My ongoing photographic work includes landscapes, architecture, street and artistic themes and have been shown in galleries from Moscow to Miami.
"White’s photography subjects range from landscape and cityscapes to portraits and everyday encounters. He is deeply interested in recording the life he sees around him, and the transformative effects of light and climate conditions, as well as candid accounts of people in the street. His compositions often reveal the geometry of nature or human environments to our eye and all his work is inspired by a profound sensitivity to what he sees around him." – biography from "Anthropcene Vision" (2016). Text by Amanda White.
A small selection of my other works are shown below – more can be found on Flickr, EyeEm, Tumblr and Instagram. Please enquire for prices, sizes and availability.
To see my latest work follow me on Instagram (click on a thumbnail to view).
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July 10 - August 21, 2016 at Dub Pies Café, Brooklyn in conjunction with Dub Art.
This exhibition featured several of my photos, consisting of images of New York City exploring architecture and street photography themes.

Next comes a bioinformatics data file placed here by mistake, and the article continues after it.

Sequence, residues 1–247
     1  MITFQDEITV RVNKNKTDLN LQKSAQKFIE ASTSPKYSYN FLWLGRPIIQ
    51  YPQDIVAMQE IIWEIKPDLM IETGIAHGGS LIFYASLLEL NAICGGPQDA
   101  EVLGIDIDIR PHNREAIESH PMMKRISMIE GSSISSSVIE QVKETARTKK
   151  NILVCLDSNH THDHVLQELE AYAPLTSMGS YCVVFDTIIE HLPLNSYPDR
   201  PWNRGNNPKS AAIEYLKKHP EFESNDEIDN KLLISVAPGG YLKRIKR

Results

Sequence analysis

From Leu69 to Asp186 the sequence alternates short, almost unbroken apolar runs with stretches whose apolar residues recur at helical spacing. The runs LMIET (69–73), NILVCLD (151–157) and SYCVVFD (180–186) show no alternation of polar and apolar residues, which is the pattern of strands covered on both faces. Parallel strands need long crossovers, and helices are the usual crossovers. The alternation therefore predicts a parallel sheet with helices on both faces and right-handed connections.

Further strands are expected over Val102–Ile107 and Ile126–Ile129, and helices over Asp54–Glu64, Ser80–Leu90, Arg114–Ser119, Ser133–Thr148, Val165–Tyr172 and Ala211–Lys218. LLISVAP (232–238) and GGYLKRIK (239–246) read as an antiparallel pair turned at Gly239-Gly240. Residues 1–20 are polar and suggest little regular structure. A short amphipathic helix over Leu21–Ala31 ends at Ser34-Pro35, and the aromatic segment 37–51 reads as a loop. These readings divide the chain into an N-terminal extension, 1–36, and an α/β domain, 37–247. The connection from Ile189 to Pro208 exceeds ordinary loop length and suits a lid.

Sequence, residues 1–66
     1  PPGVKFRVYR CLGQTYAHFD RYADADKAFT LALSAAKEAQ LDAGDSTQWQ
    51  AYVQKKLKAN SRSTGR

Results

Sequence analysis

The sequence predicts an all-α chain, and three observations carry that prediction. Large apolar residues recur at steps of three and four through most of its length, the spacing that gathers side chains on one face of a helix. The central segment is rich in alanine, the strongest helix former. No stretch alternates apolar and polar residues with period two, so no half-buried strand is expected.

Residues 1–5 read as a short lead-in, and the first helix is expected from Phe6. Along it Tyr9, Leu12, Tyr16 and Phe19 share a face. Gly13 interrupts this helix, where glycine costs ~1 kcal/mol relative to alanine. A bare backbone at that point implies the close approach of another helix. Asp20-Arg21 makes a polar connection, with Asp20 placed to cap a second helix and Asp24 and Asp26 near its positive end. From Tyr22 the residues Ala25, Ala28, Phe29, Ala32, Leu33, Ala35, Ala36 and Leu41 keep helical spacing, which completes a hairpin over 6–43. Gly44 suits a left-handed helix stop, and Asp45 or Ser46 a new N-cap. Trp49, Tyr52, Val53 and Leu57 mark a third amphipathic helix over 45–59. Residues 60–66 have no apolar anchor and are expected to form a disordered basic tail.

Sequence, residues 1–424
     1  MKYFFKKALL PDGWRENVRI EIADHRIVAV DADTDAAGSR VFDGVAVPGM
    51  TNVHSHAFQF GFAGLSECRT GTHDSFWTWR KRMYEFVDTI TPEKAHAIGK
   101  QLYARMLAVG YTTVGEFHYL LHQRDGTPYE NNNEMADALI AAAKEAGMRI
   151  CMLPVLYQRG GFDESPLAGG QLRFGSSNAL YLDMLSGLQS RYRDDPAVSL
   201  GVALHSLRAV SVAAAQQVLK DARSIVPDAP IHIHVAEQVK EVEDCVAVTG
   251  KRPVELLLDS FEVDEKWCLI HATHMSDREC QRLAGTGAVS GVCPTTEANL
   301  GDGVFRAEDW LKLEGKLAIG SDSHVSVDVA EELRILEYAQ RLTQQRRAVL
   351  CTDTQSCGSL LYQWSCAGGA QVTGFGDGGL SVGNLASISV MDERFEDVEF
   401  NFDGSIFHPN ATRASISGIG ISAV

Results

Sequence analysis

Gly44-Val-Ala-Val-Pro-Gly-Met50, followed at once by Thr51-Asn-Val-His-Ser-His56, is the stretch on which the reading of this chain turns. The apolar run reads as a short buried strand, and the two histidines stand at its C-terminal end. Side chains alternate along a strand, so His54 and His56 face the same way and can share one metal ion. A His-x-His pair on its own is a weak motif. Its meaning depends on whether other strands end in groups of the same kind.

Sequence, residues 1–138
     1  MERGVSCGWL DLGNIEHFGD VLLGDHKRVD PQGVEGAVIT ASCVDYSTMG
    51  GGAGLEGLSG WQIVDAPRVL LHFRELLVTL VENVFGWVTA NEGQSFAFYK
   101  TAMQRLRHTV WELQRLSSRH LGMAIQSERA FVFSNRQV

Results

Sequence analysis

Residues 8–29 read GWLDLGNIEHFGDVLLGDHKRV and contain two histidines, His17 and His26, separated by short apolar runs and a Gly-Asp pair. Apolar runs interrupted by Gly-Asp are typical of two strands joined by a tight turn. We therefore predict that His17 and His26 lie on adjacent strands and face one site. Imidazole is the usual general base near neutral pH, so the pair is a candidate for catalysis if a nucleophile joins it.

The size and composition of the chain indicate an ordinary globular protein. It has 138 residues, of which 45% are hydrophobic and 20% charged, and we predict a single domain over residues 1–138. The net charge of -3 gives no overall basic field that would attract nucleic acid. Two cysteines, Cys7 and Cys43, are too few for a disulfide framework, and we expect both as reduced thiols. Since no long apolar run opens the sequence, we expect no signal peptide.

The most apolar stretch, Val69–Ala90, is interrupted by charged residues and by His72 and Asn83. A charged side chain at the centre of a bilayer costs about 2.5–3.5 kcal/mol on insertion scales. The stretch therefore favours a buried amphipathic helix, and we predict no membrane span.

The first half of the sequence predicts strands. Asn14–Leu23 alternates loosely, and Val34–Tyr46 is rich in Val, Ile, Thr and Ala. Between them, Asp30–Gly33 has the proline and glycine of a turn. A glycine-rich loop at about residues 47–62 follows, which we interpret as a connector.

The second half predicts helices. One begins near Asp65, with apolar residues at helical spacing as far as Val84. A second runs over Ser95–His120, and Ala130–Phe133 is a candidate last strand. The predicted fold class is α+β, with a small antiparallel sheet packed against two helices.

"ANTHROPOCENE VISION" PRINTS
In April 2016, several of my works were part of the "Anthropocene Vision" photography show at ORA Gallery New York City. A limited number of works from this show are available to purchase. Click on an image below and hover-over for sizes and pricing. To enquire about purchasing one of these works please use the contact form. Unframed prints can be shipped world-wide and framed prints can be shipped within the U.S. Prints will be hand-delivered to buyers that reside in New York City.
" [Andrew's] works in "Anthropocene Vision" show us sites of encounter between nature and humans, and demonstrate how everyday locations are transformed, at times by the eye of the artist. Nothing is stable or static. Views of Prospect Park, devoid of people, appear to be nature untouched. In fact the urban park represents a carefully designed and highly controlled environment, with introduced species like swans, manmade lakes, and striking architecture. It is usually alive with everyday human activity. Farm fencing in NZ Landscape is only just visible on the horizon, a miniature silhouette in the deepening dusk, barely revealing the subject. Much of New Zealand’s forested land has been stripped and turned into pasture since colonization in the 19th century, and farming is now a significant part of the country’s identity."